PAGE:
First Test Launch of a Saturn V Rocket
The giant Saturn V rocket for the Apollo 4 mission at the Kennedy Space Center's launch complex 39A stands at the dawn of November 8, 1967, during the pre-launch alert.
President John F. Kennedy giving moon speech in 1961
On May 25, 1961, President John F. Kennedy announced his goal of putting a man on the moon by the end of the decade.
President Kennedy at Cape Canaveral with NASA Officials
Dr. Wernher von Braun (center) describes the Saturn Launch System to President John F. Kennedy (right, pointing). NASA Deputy Administrator Robert Seamans stands to the left of von Braun.
Apollo 11 Launch
The Apollo 11 mission launched from the Kennedy Space Center, Florida on July 16, 1969, bearing the first humans to walk on the moon.
Apollo 11: Supersonic Saturn 5
A Saturn V rocket launches the Apollo 11 crew on the first moon landing mission on July 16, 1969 in this image framed by an American flag. Four days later, Apollo 11 astronauts Neil Armstrong and Buzz Aldrin landed on the moon while crewmate Michael Collins orbited above.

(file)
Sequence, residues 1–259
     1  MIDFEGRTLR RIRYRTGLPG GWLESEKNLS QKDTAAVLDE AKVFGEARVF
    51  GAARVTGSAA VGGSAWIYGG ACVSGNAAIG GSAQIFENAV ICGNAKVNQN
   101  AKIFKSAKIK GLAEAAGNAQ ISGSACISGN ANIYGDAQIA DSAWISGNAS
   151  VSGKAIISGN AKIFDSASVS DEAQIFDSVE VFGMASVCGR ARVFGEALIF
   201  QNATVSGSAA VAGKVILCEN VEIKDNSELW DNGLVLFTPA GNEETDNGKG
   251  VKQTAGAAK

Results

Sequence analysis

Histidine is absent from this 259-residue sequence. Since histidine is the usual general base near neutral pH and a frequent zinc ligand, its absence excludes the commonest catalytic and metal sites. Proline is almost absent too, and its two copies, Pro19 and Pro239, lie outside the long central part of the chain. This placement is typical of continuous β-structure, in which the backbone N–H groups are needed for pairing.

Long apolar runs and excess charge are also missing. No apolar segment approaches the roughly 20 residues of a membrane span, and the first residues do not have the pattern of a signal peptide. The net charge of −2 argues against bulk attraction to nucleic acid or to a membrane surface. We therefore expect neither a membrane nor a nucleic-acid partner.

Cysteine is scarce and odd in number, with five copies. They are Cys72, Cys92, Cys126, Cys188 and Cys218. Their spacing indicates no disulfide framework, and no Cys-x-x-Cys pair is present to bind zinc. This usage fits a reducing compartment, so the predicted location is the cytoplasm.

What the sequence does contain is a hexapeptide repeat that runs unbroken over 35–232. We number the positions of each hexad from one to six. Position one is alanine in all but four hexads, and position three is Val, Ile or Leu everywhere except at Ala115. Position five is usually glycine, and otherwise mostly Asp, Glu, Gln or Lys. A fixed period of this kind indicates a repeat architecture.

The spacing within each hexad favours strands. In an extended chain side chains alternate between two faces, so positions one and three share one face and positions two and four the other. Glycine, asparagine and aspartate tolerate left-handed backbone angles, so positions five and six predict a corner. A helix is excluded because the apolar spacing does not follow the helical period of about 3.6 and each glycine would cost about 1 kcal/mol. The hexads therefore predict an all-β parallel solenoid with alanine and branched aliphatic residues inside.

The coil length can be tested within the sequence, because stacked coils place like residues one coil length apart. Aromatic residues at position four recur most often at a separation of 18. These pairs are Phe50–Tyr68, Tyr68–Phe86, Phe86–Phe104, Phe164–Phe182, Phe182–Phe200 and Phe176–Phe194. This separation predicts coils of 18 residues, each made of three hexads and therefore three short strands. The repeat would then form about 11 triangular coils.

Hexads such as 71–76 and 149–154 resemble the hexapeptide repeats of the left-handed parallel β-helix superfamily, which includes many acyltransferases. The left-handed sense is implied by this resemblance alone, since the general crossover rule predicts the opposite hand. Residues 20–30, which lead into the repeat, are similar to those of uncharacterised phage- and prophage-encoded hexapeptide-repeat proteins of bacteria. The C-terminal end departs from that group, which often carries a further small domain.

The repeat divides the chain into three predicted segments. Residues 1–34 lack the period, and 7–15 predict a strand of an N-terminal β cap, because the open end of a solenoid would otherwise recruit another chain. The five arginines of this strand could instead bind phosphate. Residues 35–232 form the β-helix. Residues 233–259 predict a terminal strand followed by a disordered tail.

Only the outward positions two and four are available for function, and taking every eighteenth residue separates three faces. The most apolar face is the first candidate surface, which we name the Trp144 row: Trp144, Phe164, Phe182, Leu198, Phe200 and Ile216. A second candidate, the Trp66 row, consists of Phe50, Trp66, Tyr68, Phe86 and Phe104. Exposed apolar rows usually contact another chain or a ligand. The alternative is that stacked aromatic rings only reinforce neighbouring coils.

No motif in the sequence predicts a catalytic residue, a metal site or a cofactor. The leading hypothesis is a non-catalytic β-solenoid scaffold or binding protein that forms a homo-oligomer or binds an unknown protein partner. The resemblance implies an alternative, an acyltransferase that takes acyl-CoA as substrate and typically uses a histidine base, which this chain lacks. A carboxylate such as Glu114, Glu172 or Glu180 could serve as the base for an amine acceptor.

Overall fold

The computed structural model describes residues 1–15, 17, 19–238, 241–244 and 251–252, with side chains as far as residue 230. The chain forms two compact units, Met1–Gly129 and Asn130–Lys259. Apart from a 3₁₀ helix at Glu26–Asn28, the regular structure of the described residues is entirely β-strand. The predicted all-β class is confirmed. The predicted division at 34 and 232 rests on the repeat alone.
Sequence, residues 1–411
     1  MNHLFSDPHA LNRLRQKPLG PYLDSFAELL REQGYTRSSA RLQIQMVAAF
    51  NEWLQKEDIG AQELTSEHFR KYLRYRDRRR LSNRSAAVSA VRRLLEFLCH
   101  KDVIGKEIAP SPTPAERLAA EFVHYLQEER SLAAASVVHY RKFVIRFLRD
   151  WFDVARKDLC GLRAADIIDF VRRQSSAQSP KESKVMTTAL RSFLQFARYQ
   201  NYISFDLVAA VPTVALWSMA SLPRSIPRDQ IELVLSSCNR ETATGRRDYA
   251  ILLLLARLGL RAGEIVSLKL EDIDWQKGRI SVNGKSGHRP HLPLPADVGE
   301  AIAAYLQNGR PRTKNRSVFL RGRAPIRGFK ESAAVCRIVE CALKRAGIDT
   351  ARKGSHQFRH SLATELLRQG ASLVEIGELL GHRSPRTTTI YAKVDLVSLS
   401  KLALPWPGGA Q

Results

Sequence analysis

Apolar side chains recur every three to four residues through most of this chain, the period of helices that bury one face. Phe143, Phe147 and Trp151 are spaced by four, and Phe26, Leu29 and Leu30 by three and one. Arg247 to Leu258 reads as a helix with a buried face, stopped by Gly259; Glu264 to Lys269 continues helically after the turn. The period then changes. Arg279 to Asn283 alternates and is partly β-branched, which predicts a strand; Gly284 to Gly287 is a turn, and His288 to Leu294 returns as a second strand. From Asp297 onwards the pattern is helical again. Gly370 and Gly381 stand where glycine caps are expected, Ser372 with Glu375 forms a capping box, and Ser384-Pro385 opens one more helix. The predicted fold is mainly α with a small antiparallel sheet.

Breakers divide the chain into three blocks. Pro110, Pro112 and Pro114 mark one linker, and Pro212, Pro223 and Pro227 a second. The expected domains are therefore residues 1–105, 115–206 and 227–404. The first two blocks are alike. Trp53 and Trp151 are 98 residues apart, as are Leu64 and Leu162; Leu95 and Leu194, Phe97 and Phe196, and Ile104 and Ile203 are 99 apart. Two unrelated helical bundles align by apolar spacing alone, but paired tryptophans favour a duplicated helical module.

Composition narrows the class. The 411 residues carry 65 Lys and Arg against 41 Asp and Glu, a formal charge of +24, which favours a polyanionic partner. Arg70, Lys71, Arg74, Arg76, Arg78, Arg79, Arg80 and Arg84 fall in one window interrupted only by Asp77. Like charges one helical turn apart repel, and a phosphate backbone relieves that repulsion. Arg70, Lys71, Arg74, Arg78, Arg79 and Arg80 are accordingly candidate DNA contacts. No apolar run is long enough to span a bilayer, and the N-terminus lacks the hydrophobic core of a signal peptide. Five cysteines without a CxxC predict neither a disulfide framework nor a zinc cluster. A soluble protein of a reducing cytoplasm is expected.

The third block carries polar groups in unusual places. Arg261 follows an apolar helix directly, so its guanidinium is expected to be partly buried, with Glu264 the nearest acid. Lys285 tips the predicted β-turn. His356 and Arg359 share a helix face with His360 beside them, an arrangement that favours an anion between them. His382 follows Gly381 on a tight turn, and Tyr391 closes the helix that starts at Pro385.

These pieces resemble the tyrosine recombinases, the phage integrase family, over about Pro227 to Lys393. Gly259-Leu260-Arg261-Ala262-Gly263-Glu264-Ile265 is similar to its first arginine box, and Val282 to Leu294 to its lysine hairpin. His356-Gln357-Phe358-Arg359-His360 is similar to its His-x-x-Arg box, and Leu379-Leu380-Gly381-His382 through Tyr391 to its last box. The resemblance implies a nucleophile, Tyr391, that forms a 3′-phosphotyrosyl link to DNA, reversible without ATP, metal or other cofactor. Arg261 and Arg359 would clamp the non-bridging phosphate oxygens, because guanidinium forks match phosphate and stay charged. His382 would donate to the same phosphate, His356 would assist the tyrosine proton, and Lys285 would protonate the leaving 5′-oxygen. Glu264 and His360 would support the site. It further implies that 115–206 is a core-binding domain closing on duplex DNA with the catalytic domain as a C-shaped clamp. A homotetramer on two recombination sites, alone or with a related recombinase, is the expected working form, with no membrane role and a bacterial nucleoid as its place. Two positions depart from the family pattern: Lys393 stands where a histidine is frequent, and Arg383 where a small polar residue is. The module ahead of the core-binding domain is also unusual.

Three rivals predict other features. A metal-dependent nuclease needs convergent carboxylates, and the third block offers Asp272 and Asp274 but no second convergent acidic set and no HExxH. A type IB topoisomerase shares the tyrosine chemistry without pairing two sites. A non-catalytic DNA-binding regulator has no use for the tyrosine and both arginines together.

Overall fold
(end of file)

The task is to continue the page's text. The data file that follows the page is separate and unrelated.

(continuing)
First Footprints on the Moon
Apollo 11 astronaut Edwin Aldrin photographed this iconic photo, a view of his footprint in the lunar soil, as part of an experiment to study the nature of lunar dust and the effects of pressure on the surface during the historic first manned moon landing in July 1969.
Buzz Aldrin, Second Man on the Moon
Astronaut Buzz Aldrin, lunar module pilot, walks on the surface of the Moon during the Apollo 11 mission, July 1969.
Apollo 11 Mission Officials After Apollo 11 Liftoff
Apollo 11 mission officials relax in the Launch Control Center following the successful Apollo 11 liftoff on July 16, 1969. Second from left (with binoculars) stands Dr. Wernher von Braun, Director of the Marshall Space Flight Center.
Neil Armstrong in Lunar Module
Neil Armstrong sits in the lunar module after a historic moonwalk.
Apollo 11 Launch
The Apollo 11 Saturn V space vehicle climbs toward orbit on July 16, 1969, bearing astronauts Neil A. Armstrong, Michael Collins and Edwin E. Aldrin, Jr. Armstrong and Aldrin would make history as the first men on the moon.
Aldrin Gazes at Tranquility Base
Astronaut and Lunar Module pilot Buzz Aldrin with the LR-3 during the Apollo 11 mission, the only Apollo experiment that is still returning data from the moon.